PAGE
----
Bridging the gap between patients and researchers
We drew attention above to problems that can result from patients becoming involved in testing treatments, and ways in which they may unintentionally jeopardize fair tests. As with most things, good intentions do not guarantee that more good than harm will be done. Nevertheless, there are clear examples of the benefits of researchers and patients working together to improve the relevance and design of research. As a result, many researchers actively seek patients with whom they can collaborate.
Involving citizens to improve healthcare
“The confluence of interest between advocacy groups, those who sell treatments, and those who prescribe them makes for a potent cocktail of influence…”
If therapies for acute stroke are to succeed, they need to be started as soon as possible after the stroke occurs. Because they were unsure of the best way to proceed, the researchers asked patients and carers to help them. They convened an exploratory meeting with a group of patients and health professionals, and conducted focus groups involving older people. As a result, plans for the trial were clarified and patients helped the researchers to draft and revise trial information leaflets. 
This thorough preliminary research led to plans for a randomized trial which were endorsed promptly by the research ethics committee. The focus group participants had recognized the ethical dilemmas of trying to obtain informed consent from someone with an acute illness which may well have left them confused, or unable to communicate, even if not unconscious. They were able to suggest solutions that led to an acceptable trial design for all parties, and substantial improvements in the information leaflets.
Social scientists are increasingly involved as members of research teams to formally explore sensitive aspects of illness with patients and so improve the way in which trials are done. For a clinical trial in men with localized prostate cancer, researchers wanted to compare three very different treatments – surgery, radiotherapy, or ‘watchful waiting’ – and this presented difficulties both for clinicians offering the trial and for patients trying to decide whether to participate in it.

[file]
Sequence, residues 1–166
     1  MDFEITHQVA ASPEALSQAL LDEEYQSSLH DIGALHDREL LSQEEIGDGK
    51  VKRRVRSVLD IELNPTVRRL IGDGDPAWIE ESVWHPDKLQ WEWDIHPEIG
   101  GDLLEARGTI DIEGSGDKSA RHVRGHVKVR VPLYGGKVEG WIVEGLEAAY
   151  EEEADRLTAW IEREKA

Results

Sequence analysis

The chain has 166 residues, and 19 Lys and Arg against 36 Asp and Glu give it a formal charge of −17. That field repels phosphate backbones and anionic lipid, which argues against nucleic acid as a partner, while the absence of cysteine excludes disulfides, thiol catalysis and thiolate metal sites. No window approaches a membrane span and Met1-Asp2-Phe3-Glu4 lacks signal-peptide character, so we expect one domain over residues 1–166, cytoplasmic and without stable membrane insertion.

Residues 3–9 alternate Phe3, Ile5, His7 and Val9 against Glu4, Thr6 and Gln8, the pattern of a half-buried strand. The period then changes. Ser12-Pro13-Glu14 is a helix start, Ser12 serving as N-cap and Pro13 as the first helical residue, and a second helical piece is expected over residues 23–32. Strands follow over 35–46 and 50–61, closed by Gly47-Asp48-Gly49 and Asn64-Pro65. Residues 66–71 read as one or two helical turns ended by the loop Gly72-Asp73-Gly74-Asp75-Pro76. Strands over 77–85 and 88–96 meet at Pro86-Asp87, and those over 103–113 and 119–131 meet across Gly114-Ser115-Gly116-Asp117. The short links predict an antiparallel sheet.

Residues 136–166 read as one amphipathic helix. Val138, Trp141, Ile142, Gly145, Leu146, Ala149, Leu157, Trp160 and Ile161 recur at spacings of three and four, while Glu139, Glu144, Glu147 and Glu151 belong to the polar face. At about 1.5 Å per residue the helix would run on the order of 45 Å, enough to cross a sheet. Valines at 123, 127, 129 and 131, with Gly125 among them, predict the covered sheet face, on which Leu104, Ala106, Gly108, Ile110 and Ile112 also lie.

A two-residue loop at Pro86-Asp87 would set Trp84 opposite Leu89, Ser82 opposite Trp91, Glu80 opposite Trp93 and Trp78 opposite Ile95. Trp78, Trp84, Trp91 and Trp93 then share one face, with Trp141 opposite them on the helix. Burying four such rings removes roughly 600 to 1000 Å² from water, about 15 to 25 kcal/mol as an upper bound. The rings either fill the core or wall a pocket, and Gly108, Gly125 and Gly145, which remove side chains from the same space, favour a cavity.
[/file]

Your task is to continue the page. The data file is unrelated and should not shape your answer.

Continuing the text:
Clinicians so disliked describing the ‘watchful waiting’ option that they had been leaving it to last, and describing it less than confidently because they had mistakenly thought the men asked to join the trial might find it unacceptable. Social scientists were asked to study the issue of acceptability to help determine whether the trial was really feasible.
The social scientists’ results were a revelation.  They showed that a trial offering ‘watchful waiting’ would be an acceptable third option if described as ‘active monitoring’, if not left until last to be explained by the doctor when inviting the patient, and if the doctors were careful to describe active monitoring in terms that men could understand.
The research, bridging the gap between doctors and patients, had identified the particular problems that were presenting difficulties for both parties and that could easily be remedied by better presentation of the treatment options. One result was that the rate of acceptance of men invited to join the trial increased over time, from four acceptances in ten to seven in ten.
This more rapid recruitment meant that the effect of all these treatments for men with localized prostate cancer would become apparent earlier than would have been the case if the preparatory work had not been done. And, because prostate cancer is a common disease, many men stand to benefit in the future, earlier than they might have done.
GET-IT Jargon Buster
GET-IT provides plain language definitions of health research terms